2 Samuel 23:1-7; Psalm 132; Revelation 1:4b-8; John 18:33-37

The movie “Lincoln,” now in theaters, opens with a group of Union soldiers talking to the President. He sits in a simple chair, on some sort of a porch, in the dark night in an army campground, and the soldiers are in awe of meeting the great man. One of them says he enlisted just after the dedication of the Gettysburg cemetery; his brother died in that battle, and then he speaks from memory Lincoln’s words on that day. Other soldiers come by, simple farm boys and even freed slaves, and slowly, from soldier after soldier, we hear the brief speech in its entirety.

In such a scene is how we Americans like to remember our kings: humble and fallible, yet brilliant and regal, powerful and complex, and standing on the side of right. That scene of Lincoln quietly and informally conversing with soldiers on the eve of battle is what comes to mind with later in the film Mary Todd Lincoln declares to a White House full of politicians, including those who would oppose him, “The people love my husband!”

We have ancient models of kings in our memories – of David, for example, the ideal king of Israel. We read his “last words,” today in our first lesson, words which remind us that such kings who rule with the justice of God bring order and prosperity and peace and beauty to the world.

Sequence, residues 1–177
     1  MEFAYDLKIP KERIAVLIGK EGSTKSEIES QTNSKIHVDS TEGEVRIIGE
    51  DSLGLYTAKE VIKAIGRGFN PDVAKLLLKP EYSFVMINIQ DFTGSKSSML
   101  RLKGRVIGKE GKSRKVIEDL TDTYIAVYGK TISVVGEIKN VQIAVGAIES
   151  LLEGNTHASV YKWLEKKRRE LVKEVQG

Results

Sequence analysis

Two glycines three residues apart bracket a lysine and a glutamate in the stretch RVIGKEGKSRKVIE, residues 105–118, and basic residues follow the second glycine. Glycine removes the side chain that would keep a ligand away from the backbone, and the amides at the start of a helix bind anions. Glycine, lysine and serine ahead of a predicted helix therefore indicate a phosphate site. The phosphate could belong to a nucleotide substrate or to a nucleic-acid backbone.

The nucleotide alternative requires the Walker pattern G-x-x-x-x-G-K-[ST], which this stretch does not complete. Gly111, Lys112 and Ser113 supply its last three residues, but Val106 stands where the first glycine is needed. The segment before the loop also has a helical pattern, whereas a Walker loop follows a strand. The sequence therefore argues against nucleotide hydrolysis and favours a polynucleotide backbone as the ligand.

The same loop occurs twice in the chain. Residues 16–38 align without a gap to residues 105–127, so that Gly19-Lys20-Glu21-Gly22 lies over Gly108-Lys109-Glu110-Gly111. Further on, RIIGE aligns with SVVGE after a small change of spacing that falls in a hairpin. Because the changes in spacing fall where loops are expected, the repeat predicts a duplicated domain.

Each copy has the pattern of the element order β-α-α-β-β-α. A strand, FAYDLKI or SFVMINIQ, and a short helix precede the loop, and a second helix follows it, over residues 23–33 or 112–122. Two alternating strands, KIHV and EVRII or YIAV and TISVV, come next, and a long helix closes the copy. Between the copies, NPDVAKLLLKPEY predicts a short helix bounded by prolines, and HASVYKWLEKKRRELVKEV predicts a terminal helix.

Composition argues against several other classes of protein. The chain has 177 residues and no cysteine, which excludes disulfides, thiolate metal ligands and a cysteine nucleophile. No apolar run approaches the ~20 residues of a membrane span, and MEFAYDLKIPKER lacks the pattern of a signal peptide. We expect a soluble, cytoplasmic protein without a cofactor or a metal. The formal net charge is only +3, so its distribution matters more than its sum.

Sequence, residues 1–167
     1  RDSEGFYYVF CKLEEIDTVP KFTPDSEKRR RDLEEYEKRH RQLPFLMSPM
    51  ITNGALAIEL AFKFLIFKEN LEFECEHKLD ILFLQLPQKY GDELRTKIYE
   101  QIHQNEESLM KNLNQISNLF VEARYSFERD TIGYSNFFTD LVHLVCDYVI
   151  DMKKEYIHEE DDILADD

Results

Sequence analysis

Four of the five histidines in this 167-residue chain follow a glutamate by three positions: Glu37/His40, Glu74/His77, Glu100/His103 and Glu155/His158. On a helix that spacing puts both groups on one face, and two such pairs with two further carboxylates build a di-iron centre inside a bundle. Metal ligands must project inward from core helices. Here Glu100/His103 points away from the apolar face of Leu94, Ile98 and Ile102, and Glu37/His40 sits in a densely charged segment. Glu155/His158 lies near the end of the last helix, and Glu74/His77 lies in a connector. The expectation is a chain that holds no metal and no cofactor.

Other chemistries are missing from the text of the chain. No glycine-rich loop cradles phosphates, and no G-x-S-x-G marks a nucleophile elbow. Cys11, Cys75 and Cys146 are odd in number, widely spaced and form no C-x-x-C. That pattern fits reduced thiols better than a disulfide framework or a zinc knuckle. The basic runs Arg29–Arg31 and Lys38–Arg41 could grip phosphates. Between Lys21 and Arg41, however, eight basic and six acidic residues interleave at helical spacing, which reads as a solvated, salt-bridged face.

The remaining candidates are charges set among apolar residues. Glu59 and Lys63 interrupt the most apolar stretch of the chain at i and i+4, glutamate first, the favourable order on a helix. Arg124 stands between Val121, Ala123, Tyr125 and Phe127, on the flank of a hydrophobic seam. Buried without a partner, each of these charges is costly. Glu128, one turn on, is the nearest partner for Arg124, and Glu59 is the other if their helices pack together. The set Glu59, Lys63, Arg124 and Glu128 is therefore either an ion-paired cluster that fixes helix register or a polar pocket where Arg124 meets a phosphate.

That sounds good, of course, but is the figure of the king not an outmoded concept for us today? A king who cannot be elected or thrown out of office, a king who does not reflect the will of the people, who rules without the consent of the governed?

All true. All good reasons, of course, for democracy, and after all, even the Queen of England does not so much as rule as preside rather delicately at the will of Parliament.

So why Christ the King? It’s not a feast from the Bible, like Christmas, Easter, Pentecost or Ascension. It’s not an early church custom, like Lent or Holy Week, or something borrowed from folk religion, like All Saints. A King, and a Kingdom, are political terms. A king rules territory: a kingdom. Everyone within those boundaries is subject to the king. The boundaries of a just king, a righteous king, enclose a pleasant land, a land like that spoken of by David, where the people live in peace and prosperity. If you live in the kingdom of a just king, you get it all. You don’t have to join anything – you don’t have to register for one political party or another, vote a particular way. You are there; part of the Common-wealth.